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Publication# Protocol overheads in networks

Abstract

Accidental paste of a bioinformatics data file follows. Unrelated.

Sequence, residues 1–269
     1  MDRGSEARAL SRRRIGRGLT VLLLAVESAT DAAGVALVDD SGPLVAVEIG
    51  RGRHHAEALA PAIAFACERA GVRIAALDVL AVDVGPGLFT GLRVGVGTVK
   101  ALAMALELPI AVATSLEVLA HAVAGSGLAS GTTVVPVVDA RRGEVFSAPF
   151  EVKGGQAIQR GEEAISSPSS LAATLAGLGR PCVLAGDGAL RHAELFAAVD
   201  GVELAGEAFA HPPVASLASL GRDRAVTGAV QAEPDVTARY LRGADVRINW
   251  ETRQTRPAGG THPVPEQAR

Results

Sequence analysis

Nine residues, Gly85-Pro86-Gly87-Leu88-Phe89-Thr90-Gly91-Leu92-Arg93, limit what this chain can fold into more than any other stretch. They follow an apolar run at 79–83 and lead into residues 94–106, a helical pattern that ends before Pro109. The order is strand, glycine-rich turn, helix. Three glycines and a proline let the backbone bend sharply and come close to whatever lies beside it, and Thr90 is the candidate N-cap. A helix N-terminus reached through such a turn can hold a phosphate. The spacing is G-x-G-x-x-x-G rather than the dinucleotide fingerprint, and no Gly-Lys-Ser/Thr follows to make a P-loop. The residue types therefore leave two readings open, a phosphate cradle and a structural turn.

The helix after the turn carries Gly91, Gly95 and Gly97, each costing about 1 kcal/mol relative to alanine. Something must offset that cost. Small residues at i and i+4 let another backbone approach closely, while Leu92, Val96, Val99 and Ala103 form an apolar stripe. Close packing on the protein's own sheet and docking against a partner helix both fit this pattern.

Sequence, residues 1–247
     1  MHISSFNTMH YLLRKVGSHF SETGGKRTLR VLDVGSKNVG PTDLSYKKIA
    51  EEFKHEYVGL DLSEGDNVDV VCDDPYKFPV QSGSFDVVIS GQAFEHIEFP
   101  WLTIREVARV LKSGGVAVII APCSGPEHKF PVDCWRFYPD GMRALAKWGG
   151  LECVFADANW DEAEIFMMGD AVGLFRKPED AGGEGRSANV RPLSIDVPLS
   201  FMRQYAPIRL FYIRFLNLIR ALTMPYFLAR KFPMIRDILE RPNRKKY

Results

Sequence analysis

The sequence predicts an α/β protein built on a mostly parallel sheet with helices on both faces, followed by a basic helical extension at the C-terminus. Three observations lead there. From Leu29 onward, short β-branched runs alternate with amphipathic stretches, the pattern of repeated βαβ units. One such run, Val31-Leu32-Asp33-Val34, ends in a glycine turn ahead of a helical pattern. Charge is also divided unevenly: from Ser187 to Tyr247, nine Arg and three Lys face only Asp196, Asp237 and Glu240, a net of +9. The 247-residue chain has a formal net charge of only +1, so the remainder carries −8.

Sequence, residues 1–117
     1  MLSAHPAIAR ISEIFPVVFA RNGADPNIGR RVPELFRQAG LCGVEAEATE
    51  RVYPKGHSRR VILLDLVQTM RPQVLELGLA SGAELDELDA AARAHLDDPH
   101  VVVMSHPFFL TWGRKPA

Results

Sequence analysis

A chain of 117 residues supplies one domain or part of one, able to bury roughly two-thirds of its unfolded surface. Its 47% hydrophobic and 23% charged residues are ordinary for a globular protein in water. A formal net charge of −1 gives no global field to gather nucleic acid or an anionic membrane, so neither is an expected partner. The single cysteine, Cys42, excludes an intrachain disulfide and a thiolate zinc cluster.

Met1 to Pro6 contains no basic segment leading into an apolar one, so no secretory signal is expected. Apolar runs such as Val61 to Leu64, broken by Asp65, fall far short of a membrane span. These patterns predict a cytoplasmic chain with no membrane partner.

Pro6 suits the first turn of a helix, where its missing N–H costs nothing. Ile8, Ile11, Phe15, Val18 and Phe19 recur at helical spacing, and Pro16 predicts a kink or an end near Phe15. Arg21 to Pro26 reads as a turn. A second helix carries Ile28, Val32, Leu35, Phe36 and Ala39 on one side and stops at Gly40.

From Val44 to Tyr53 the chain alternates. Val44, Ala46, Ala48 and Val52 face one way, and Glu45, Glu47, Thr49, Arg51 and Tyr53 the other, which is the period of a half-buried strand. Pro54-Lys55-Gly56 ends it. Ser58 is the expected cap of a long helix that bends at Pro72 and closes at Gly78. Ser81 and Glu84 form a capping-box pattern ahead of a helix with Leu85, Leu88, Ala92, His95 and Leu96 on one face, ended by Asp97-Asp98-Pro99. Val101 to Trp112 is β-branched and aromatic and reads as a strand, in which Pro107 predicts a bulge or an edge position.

To increase network capacity, it may not be sufficient to just increase the capacity of the networks. It may be necessary to reduce the network overhead bits, to leave more room for the data bits, to increase the network capacity. As network functions become more complicated, more elaborate protocols become necessary to manage the networks. Without a proper and fundamental understanding of the overheads resulting from protocol bits, we may have protocols with huge overheads, which diminish the network efficiency, resulting in high cost and low value networks. Most effort has been dedicated to finding higher capacity links to carry more data. Little, or no effort has been spent to define a framework and analyze the overheads in the networks with the aim of understanding their behavior and thus reducing them. In this thesis, we give some perspectives on quantifying network overheads and some policies to reduce them. In a fixed network example, we show that, one can provide a lower bound on the number of bits needed to encode each message, exchanged by a node with its neighbors, to know the connectivity information of the node to others, i.e. its network neighborhood. The lower bound also provides insights into the dynamics of protocol information and its connection to the link statistics. We then examine the overheads arising out of the network's effort to keep track of a user, equivalent to knowing the connectivity information in fixed networks, in the case of two-tier hierarchical networks in general, and cellular and peer-to-peer networks in particular. We find that there exists an optimal threshold-based announcing policy of the user, about its location, which minimizes the network overheads. Clustering of users is also found to be a good strategy, in two-tier hierarchical networks, to minimize user tracking overheads. We find the optimal clustering which minimizes the tracking overhead, and that the optimal clustering is crucial to finding the aforementioned optimal announcing policy. As a next strategy, we show that clustering of user location information can reduce the number of bits needed to represent the information. The location information updates can be sent periodically, and the necessary bits needed to un-cluster the information can be fetched on a requirement basis. Based on the location statistics of the user, one can find a clustering of the location information, such that, given the clustered information, the number of bits that need to be fetched is minimized. Bandwidth is a very important attribute of a network, which if not allocated optimally, can be an "overhead" in terms of reduced network efficiency and high service costs. We take the viewpoint that, the optimal allocation should be based on users' behavior, who are the final consumers of the bandwidth. We study the user's psychology for media and its connection to bandwidth, and show a way to optimize bandwidth allocation. The conclusions from the optimal allocation, lead us to an architecture of a low cost, high value, and fast Internet access solution.

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